Just like we use ambient light to see things around us, why not use ambient noise in the ocean for sensing? The principle underlying ambient noise imaging (ANI) makes use of the ensonification provided by the ambient noise field to create pictorial images of underwater objects. ROMANIS is a broadband acoustic camera built at the ARL, and successfully used for ANI, passive target detection/ranging, and mapping of the underwater environment. The ROMANIS sensor array features 508 simultaneously sampled acoustic sensors, each sampled at around 200 kSa/s, and streamed to the surface at a rate of about 1.6 Gbps. The data is processed in realtime on GPUs to form an acoustic “video” of the underwater environment. The ROMANIS system design uses novel techniques such as dry-coupled neoprene acoustic window, Helium-based thermal management, fractional-wavelength staggered sensor placement for optimal beamforming, and a hierarchical modular setup to reduce harnesses and electronic noise.
Most of the “illumination” we use in ROMANIS is from snapping shrimp. The noise made by snapping shrimp is compact in time, broadband, and highly impulsive. With a large number of these snaps arriving at a receiver, the generalized central limit theorem allows us to model the resulting pressure variation accurately using symmetric α-stable distributions. Signal processing based on these distributions leads to ANI algorithms that utilize fractional low-order moments (FLOM) and fractiles. These algorithms yield more stable and consistent results, as compared with previously developed methods that employ energy estimates and high-order statistics.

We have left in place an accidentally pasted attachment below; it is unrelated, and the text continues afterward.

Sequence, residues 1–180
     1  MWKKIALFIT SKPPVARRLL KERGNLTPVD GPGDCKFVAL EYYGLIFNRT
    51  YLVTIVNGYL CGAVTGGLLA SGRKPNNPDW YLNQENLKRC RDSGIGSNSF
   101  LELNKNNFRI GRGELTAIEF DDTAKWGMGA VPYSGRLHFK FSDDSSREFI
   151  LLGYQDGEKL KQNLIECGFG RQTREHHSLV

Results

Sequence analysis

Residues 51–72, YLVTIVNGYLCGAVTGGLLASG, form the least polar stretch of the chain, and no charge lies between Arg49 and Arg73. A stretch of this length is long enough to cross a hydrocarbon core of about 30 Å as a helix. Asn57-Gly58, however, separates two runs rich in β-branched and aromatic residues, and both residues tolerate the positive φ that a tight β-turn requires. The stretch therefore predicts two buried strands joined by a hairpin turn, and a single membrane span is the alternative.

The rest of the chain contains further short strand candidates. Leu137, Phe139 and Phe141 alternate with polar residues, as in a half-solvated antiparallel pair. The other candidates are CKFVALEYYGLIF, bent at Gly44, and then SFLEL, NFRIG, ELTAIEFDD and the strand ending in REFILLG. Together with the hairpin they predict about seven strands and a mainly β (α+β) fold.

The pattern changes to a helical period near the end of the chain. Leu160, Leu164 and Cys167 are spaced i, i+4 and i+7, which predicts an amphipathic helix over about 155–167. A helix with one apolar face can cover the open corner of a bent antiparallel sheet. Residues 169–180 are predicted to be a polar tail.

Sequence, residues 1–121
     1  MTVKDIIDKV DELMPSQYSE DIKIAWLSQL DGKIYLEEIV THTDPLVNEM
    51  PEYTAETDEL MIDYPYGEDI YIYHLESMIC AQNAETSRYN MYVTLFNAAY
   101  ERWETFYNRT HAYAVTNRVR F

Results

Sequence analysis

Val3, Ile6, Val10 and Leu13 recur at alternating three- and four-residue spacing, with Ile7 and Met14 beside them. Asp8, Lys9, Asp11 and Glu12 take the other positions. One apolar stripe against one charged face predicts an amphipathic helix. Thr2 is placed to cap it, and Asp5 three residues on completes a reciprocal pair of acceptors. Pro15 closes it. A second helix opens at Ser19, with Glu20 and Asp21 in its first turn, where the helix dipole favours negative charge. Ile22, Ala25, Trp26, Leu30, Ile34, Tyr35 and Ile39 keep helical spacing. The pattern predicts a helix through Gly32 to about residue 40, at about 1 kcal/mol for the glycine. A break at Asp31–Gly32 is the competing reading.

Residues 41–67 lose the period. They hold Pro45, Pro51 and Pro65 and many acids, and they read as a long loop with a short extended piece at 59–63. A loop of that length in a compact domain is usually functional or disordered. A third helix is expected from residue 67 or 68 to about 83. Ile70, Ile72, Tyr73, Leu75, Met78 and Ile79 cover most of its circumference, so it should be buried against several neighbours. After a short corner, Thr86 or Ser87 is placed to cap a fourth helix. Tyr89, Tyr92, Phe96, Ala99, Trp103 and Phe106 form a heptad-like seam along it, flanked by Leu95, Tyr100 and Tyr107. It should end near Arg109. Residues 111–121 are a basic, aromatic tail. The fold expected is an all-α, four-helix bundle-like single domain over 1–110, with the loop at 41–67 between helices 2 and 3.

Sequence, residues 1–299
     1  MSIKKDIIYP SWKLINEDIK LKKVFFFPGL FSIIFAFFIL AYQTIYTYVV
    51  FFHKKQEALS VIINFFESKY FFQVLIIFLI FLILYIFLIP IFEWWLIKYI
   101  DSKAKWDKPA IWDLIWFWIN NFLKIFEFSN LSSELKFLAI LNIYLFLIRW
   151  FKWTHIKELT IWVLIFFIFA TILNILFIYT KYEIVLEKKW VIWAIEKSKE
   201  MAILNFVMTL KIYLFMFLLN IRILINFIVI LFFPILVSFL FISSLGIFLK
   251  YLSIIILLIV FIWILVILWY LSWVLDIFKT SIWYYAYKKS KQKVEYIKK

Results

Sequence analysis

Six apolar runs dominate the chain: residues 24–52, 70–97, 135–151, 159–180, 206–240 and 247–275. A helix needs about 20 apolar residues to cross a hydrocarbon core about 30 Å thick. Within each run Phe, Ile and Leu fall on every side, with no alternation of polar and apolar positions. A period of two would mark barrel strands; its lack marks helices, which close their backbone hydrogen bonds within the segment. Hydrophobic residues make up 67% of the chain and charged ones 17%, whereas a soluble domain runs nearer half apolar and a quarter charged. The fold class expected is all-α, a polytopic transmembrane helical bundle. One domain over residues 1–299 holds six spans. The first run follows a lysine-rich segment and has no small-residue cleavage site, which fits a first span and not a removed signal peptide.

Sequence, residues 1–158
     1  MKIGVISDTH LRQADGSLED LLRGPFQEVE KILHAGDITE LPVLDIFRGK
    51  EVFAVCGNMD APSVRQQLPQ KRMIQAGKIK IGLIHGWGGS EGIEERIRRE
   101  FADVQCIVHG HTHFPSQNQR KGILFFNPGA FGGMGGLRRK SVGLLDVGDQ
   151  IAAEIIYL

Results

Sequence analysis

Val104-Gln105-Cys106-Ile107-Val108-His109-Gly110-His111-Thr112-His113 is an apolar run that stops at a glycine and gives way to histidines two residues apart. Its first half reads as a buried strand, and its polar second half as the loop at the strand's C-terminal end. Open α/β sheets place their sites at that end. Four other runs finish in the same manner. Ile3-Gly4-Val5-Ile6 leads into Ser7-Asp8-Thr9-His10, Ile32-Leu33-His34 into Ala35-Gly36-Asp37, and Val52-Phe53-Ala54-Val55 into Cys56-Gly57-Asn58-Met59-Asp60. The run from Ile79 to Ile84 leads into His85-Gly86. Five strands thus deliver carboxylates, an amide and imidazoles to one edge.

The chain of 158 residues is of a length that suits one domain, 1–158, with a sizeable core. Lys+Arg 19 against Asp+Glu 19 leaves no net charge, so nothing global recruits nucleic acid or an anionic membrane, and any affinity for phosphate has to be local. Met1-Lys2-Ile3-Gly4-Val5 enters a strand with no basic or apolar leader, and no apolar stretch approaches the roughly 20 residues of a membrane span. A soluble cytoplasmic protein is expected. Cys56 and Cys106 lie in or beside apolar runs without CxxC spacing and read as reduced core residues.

An alternative approach to using the statistics for imaging, is to localize loud snaps in space and time, and then to utilize the knowledge of the source to deterministically process the echoes. While this idea is attractive and offers the possibility of passive ranging and 3-dimensional imaging, it is difficult to implement in practice. The key difficulty lies in associating a snap with its echoes, as all snaps sound similar and arrive at the receiver overlapping in time with the echoes from other snaps. A voting algorithm we developed, solves the association problem in a quasi-static scenario using some physical constraints and an ensemble of arrivals. Using this algorithm, ROMANIS has been able to estimate range to targets passively. This demonstration opens a whole new exciting area of research, where existing techniques developed for multi-static sonar may be applied to ANI.